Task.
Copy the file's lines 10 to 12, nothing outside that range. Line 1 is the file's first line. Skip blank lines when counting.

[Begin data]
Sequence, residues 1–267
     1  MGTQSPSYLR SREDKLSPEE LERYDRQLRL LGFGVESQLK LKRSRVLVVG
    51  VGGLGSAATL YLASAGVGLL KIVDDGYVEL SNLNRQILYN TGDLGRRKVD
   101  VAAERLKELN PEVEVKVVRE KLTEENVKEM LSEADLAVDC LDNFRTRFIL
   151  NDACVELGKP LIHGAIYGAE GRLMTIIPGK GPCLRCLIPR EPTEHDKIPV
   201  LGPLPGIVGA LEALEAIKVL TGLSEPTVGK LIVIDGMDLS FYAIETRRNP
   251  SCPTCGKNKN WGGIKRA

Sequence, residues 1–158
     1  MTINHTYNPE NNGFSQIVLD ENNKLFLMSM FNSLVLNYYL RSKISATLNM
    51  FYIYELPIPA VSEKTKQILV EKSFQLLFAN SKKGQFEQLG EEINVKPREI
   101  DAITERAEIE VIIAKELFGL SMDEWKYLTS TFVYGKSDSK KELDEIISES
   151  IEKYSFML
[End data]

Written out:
    51  FYIYELPIPA VSEKTKQILV EKSFQLLFAN SKKGQFEQLG EEINVKPREI
   101  DAITERAEIE VIIAKELFGL SMDEWKYLTS TFVYGKSDSK KELDEIISES
   151  IEKYSFML